We - Glenn Hoddle, Jamie Redknapp, Graeme Souness and myself - sat in amongst the fans behind the Chelsea dugout as we didn't have a studio position from which we could watch the game from.
It gave us an interesting perspective on a couple of things. It was noticeable that every time Chelsea attacked or did something decent, all of the substitutes were up on their feet, together as one, and they looked very much like a unit. There was a lot of back-slapping, high-fiving and things right throughout the game. Throughout the game they looked like a cohesive group.
I thought it was a tremendous all-round performance. Fernando Torres was good, Ramires was immense - his work-rate was unbelievable.
But I couldn't for the life of me work out what Raul Meireles was up to.
As a former Porto player, Meireles was public enemy No1 in the eyes of the Benfica fans, but he didn't help the situation by one jot by doing everything in his power to incite the crowd.
Chelsea had virtually silenced the home fans by their performance - which is exactly what they wanted - until Meireles made a gesture towards them that had them climbing up the walls. Thereafter he appeared to goad them at every opportunity.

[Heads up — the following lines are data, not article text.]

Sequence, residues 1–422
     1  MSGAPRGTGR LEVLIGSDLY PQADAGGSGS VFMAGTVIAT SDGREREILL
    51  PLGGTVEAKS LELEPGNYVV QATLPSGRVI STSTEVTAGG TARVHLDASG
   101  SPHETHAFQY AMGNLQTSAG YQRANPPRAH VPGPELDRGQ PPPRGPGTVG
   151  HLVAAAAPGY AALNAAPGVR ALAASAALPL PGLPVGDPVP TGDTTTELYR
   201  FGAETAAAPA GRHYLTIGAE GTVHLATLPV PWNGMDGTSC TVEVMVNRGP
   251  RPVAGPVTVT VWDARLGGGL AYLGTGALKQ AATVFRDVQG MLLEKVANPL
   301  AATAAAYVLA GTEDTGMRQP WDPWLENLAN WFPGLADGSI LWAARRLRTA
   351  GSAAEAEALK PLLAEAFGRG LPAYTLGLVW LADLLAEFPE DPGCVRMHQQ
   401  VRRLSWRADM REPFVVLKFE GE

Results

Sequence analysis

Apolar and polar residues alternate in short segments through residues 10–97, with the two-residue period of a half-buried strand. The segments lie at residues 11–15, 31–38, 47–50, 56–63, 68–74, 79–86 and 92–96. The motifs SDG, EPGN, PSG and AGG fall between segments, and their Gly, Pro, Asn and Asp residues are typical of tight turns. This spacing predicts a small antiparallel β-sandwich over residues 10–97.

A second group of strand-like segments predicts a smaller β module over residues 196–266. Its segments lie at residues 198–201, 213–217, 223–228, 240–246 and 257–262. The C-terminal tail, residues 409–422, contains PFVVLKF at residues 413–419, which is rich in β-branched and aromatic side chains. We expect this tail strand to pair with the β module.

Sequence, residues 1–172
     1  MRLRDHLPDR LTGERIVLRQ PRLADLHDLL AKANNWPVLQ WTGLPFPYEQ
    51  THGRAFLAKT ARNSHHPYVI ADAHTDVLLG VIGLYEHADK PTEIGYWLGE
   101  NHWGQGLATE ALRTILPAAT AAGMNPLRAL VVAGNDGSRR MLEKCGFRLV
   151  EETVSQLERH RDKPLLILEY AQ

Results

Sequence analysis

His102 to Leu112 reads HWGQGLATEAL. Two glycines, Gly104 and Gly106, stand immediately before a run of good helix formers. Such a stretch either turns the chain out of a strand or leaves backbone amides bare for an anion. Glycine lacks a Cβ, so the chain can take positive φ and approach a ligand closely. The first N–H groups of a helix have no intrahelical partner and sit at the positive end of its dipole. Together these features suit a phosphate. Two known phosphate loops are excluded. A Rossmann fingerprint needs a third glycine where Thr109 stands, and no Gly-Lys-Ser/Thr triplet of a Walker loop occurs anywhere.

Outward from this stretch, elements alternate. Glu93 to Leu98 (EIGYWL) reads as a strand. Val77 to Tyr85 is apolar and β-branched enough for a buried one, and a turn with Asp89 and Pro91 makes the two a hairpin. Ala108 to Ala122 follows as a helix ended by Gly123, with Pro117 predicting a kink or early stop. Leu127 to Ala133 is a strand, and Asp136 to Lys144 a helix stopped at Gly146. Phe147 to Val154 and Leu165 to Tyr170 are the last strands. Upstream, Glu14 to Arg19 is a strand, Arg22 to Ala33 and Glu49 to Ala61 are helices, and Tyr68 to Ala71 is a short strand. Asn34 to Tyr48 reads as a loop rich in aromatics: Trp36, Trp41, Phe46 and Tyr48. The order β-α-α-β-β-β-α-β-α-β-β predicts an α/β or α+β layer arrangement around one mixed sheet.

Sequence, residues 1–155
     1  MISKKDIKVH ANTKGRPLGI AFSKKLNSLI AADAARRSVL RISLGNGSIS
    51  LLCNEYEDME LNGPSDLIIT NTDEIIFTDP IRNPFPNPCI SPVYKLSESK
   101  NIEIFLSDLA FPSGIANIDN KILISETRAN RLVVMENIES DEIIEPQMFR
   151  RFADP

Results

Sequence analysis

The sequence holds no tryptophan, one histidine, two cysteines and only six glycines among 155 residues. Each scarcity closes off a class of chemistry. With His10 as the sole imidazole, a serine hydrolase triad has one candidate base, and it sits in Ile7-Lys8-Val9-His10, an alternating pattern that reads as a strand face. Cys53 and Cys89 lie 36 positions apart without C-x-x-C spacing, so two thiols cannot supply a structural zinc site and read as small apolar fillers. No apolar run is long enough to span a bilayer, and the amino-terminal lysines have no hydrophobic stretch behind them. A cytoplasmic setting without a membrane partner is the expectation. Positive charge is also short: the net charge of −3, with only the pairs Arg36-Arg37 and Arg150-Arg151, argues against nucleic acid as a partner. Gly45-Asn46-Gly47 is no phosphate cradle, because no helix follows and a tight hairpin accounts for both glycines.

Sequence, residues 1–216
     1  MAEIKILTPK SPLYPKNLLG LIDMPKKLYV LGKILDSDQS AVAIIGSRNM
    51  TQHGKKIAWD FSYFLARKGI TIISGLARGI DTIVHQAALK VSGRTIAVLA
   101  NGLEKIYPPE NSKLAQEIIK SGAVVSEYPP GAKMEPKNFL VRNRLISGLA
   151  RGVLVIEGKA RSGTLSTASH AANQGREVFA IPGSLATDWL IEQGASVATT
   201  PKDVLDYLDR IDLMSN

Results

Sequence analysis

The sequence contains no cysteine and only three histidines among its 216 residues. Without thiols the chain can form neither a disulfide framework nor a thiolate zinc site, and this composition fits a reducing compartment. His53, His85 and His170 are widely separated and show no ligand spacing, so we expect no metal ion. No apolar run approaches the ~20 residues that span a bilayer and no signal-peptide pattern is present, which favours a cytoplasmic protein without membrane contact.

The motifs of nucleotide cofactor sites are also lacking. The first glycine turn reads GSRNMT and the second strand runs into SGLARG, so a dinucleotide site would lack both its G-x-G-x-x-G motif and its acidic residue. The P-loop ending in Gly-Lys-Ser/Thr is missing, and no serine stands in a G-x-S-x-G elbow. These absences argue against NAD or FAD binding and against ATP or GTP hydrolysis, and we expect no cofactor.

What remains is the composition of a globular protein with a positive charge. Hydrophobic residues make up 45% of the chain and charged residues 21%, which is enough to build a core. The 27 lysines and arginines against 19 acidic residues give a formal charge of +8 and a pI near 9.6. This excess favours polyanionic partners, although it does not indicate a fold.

Don't get me wrong - he played well enough - but if I was his manager I would have been furious with him for his actions.
You certainly knew that Di Matteo was calling the shots. Once he'd made his team selection he was instructing, instructing, instructing from the sidelines throughout the game; it was perfectly obvious who was making the calls.
Whether he's in pole position to take on the job full-time, though, I just don't know. It would make sense, I guess, if they continue to do well but before we get carried away let's remember they didn't do well against Spurs and, in my view, they didn't do particularly well against Manchester City either.
This weekend they travel to Aston Villa, who are short of firepower and short of confidence, and Chelsea should have them for breakfast. But will they go there and win comfortably? I don't know, because there is no sense of consistency and that in itself might determine whether Di Matteo gets the job long-term or not.